Marriage License Was to Permit Interracial Marriages!
Marriage is a right, not a privilege granted by the state.
At state-approved weddings you have the bride and the groom, but also the state as partner to the contract. The state gives permission to marry because you asked for that permission. So don’t ask. You don’t need the state’s permission to do what is a God-ordained right. If the state forbad you to marry you would disobey as principled people did in the past.
You have a birth certificate because you were born; a death certificate because you died and a marriage certificate because you were married. You did not ask to be born or to die and should not ask any government or church to be married.
The road to family control by the state started rather early in America with Virginia’s first legal code consisting of the Lawes Divine, Morall and Martiall, enacted in 1610 by Sir Thomas Dale. In this code, Virginia’s Anglican ministers were required to record all christenings, marriages, and burials they performed. (Government has no authority to require a preacher to do anything regarding his ministry.)
In 1631, the Virginia House of Burgesses created marriage licenses tightening the knot around the neck of families.
Down through the centuries, marriage was changed from being a family affair to having churches and the government as the permission-givers! A license is “permission by competent authority to do that which otherwise would be illegal, a trespass or a torte.” According to Black’s Law Dictionary, Fifth Edition, a marriage license is “a license or permission granted by public authority to persons who intend to intermarry, usually addressed to the minister or magistrate who is to perform the ceremony.”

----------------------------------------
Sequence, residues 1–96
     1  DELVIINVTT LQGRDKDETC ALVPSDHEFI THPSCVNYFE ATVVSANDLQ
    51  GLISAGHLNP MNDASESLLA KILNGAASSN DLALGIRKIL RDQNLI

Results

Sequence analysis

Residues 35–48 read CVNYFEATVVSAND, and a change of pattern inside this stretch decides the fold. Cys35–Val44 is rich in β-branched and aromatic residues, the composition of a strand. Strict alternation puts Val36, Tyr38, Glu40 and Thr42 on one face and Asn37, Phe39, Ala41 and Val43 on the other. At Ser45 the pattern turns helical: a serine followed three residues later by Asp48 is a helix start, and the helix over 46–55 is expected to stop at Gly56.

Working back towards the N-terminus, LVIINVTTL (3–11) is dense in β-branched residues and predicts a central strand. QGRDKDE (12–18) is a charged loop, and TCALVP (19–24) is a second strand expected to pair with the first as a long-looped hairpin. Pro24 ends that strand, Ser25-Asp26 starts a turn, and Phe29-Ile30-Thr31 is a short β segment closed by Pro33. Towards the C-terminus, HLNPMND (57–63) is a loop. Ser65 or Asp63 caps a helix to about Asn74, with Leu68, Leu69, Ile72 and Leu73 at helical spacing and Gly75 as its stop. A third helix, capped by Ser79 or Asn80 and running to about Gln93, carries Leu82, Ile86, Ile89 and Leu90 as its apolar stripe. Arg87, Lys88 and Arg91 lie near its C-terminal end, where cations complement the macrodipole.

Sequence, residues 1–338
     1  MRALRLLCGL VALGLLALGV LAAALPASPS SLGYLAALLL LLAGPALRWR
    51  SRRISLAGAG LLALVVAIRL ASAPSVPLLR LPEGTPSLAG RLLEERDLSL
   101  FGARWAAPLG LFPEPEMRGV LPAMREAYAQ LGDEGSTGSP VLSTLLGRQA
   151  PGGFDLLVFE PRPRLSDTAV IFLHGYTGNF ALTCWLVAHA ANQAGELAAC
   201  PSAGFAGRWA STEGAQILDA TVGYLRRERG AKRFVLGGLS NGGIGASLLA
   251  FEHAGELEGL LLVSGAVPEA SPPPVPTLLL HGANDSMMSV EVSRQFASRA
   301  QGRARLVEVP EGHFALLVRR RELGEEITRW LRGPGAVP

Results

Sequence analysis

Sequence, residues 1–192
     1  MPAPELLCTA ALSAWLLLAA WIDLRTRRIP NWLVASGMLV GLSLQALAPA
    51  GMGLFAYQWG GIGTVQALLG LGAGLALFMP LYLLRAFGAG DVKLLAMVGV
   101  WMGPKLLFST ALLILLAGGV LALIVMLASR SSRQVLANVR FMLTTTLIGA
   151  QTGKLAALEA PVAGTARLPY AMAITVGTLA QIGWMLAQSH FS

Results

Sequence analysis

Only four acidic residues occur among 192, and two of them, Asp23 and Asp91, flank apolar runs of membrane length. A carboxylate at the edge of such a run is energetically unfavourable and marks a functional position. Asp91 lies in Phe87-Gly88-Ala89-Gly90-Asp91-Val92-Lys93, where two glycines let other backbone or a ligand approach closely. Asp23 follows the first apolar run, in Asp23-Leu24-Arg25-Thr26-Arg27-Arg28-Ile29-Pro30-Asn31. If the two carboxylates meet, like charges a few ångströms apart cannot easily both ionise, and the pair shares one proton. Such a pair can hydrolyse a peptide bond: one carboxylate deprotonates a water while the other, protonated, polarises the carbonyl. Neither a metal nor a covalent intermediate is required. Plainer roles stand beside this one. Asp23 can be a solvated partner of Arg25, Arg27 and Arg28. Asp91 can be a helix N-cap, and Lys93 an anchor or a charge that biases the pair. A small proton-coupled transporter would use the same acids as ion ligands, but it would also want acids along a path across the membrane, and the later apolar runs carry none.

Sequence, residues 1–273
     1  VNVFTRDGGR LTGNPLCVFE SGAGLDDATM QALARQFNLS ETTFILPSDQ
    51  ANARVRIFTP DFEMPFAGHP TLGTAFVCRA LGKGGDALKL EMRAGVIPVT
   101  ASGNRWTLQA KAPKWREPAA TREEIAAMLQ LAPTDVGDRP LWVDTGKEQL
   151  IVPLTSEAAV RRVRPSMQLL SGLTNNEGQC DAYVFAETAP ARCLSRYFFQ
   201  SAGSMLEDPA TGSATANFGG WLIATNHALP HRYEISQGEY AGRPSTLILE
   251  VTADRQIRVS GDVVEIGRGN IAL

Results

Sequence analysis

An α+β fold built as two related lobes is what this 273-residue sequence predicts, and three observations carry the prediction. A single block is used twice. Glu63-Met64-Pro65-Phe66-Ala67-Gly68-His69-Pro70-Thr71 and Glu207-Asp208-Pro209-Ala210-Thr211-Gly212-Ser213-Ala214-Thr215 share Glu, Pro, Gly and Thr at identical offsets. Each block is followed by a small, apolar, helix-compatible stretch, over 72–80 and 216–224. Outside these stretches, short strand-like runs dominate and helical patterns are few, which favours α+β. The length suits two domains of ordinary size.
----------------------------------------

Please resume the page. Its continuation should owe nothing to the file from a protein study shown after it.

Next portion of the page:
So, at that time, an interracial couple had to get permission not from their parents or church to get married, but from the state! Why? People had been marrying since the beginning of time without any government involvement, but now a couple must get legal permission! Therefore, the state began to issue a license permitting one to do what he normally could not do because many U.S. colonies in the late 1600s prohibited marriage between Whites and Blacks, Indians, Asians, etc., although it was never illegal for two whites to marry and no permission was required until recent years.
When a slave boy got permission from the master to marry a slave girl, the offspring from the marriage belonged to the master and became part of his assets or chattel. Some states take that same approach today. After all, they give the license so any issue of a marriage is state-owned; therefore the state assumes the authority to force children to have shots, to attend school, etc.
In early America, some slave owners prohibited slave marriages and others permitted them, even giving lavish dinners and ceremonies at the “big house” to honor the couple. However, the marriage never superseded the slave owner’s authority. Often, depending on the plantation owners and the state, black men were not permitted to marry and sex between slaves was often punished. However, many masters wanted new slaves coming along so in some places, black male slaves were kept for the purpose of producing young offspring! It was normal for the owners of such studs to receive one out of four of the babies.